Molby: Owen a 'step backwards' for Reds

Liverpool legend Jan Molby says Michael Owen is not the answer to the club's attacking woes.

League approves Owen's Stoke deal

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Michael Owen (PA Photos)

There has been speculation that Liverpool could move to solve their attacking crisis by bringing in Michael Owen on a free transfer, but it would be a massive step backwards for the club and would also smack of desperation.

Liverpool would be better advised to leave Owen as a part of the club's past. He has had his best days, we all know that. He used to rely heavily on pace and now that pace has gone, and Owen is absolutely not a player who suits the style of Brendan Rodgers either.

I was at Anfield on Sunday and looking at that bench against Arsenal, Owen would arguably have been a viable option for Liverpool for 20 minutes or so. He is a goal threat, there is no doubt about that, and while there is no way he could start games, in theory coming off the bench is a possibility. But he brings too much baggage with him.

I don't think the fact that Owen played for Manchester United between 2009 and 2012 will have a great bearing on whether the fans want him back or not. I think the problem instead lies with the manner in which he left the club in 2004. That is what would rile the fans.

I think a lot of Liverpool supporters feel that Owen left Liverpool in the lurch that summer. He suggested that he would never leave the club but then departed for a cut-down price with one year remaining on his contract.

He forced Rafa Benitez into selling him and that is the issue the fans will have with him - the Manchester United aspect is secondary to that.

I know there are players out there who are unattached and available, but signing Owen would send a real signal of desperation. It is just not the way a top club goes about things. What is clear though is that Liverpool do need to bringing somebody in, even if it just to appease the fans a little bit.

The supporters are normally very patient but I sense real disappointment and worry at the moment.

Unless they do manage to sign a striker, Liverpool are stuck with what they have got until January 1. It is a small squad with big deficiencies up front and while the standard of play might improve under Rodgers, the lack of goalscoring prowess is always going to be a problem. Imagine if Luis Suarez picks up an injury - that would be an absolute disaster.

They have left themselves really, really short and I think like everyone else I was totally shocked to see Liverpool fail to bring in a replacement when they allowed Andy Carroll to join West Ham on loan. You don't need to be a genius to look at that squad and realise the club are a man short, possibly two. It was a very strange situation.

I think there is an argument that Liverpool did their transfer dealings back to front. They should have introduced goals into the team as a matter of priority. I know they signed Fabio Borini early on in the summer, but the main priority was Joe Allen when perhaps it should have been securing someone with pedigree of scoring goals in the English top flight.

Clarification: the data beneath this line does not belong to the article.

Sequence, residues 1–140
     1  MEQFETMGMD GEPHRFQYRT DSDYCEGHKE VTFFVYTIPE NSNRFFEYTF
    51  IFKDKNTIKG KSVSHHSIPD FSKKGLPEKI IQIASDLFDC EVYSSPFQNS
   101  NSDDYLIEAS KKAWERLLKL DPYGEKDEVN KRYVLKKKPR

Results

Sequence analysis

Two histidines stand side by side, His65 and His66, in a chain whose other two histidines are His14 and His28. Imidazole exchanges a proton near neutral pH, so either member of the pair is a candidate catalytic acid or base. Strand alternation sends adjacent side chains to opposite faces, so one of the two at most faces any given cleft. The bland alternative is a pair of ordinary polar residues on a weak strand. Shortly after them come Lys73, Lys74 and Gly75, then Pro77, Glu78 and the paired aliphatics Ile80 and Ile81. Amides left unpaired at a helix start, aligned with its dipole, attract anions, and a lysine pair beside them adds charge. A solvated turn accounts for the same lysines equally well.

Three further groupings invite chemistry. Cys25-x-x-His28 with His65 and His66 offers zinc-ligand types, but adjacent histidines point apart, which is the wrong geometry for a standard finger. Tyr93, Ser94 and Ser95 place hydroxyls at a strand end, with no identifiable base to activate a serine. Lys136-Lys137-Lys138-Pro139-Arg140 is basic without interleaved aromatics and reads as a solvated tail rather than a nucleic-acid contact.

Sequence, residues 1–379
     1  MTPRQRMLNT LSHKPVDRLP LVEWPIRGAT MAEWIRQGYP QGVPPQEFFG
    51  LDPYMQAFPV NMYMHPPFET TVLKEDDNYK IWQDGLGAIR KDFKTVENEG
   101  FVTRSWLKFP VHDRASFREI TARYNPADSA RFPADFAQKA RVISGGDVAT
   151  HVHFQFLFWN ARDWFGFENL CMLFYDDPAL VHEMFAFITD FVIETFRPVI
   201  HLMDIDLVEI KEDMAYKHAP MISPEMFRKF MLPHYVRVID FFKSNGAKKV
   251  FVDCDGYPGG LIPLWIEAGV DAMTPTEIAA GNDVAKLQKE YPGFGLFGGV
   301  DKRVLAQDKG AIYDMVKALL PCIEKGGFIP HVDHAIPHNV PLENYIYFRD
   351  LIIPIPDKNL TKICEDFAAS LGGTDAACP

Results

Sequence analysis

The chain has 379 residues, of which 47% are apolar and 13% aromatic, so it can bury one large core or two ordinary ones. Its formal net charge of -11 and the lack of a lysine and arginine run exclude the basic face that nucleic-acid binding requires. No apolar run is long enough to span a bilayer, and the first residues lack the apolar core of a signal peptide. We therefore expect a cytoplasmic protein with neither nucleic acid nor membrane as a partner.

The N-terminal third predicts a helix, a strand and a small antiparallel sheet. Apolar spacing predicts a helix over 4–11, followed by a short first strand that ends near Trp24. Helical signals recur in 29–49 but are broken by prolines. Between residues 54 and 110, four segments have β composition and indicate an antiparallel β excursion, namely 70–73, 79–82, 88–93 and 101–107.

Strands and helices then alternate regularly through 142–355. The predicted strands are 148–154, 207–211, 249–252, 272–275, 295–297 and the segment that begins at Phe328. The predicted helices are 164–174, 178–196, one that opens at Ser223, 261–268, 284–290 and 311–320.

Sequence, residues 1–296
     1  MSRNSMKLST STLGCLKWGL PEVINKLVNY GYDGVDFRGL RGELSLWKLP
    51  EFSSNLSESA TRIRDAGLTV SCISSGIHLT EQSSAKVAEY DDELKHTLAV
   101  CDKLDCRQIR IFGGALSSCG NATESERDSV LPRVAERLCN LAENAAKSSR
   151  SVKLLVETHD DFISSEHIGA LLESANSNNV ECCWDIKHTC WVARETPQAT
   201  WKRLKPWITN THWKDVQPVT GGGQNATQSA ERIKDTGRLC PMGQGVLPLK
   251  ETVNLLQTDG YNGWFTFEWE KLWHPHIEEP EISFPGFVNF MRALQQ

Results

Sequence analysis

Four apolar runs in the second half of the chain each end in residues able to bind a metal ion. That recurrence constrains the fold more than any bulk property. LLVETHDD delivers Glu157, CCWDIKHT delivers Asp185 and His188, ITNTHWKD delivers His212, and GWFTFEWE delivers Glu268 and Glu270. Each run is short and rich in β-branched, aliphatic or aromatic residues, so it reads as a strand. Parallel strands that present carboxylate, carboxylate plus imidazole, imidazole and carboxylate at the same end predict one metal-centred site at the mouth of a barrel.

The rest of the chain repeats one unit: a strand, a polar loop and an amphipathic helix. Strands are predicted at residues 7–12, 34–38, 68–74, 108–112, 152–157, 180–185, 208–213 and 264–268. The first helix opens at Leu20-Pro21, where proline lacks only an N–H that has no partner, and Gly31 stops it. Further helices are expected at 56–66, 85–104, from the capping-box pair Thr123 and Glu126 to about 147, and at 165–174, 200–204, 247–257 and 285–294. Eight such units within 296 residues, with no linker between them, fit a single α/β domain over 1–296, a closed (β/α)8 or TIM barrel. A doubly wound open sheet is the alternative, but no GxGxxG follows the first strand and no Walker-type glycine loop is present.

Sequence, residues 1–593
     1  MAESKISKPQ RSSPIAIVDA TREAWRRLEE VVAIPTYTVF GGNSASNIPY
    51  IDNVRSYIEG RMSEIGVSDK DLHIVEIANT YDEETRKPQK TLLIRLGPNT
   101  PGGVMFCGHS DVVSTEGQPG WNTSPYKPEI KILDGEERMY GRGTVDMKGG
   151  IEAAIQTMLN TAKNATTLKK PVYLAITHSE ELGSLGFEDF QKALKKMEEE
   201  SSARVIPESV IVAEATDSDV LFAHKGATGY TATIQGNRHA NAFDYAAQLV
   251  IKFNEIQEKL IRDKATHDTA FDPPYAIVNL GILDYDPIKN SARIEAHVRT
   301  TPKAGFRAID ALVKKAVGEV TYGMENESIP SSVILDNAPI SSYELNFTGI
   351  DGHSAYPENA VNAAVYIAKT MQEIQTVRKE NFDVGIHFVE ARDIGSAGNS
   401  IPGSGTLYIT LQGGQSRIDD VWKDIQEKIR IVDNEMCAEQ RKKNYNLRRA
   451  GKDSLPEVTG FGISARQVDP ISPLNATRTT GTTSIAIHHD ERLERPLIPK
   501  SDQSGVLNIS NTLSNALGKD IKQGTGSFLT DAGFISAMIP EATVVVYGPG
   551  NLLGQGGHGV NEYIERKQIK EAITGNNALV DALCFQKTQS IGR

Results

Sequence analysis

Having said that, I don't know if Clint Dempsey would have been the answer to the club's problems. He certainly would have been a much needed body, but in terms of a goalscorer you would want someone of the calibre of a Klaas-Jan Huntelaar or even a Falcao. Those are the kind of goalscorers Liverpool need to sort their problems.

I read John W Henry's letter to Liverpool supporters and one part that caught my eye was where he said he would not do any deals that were not sensible to Liverpool Football Club, and that is his way out this situation, isn't it?

They probably felt that paying £6 million for Dempsey, plus his wages, was not what they wanted to do from a long-term perspective. But to be a top club, or to have aspirations of being a top club, it does cost money. There is no shortcut to success: you have to pay.

A lot of what Henry said made sense, but ultimately he did not explain why, having let Carroll go, Liverpool did not sign a striker or a goalscorer on the final day of the transfer window. That huge question remains unanswered.

They are obviously blaming previous regimes and you can do that for so long, but there has been a cleaning up process in place for a while now and I don't think it quite washes with fans.

They came to the club and made some progress to restore Liverpool to the way they used to be, but the only way you are going to get there is to invest. Massive investment gets you to where you want to be, and I think the fans will be very disappointed that hasn't materialised.

I think Rodgers feels as though he has been let down by the people in charge. I think there were certain promises made when he took the job and I am not sure all of them have been fulfilled. They have failed to back the manager, and they can't talk their way out of that.

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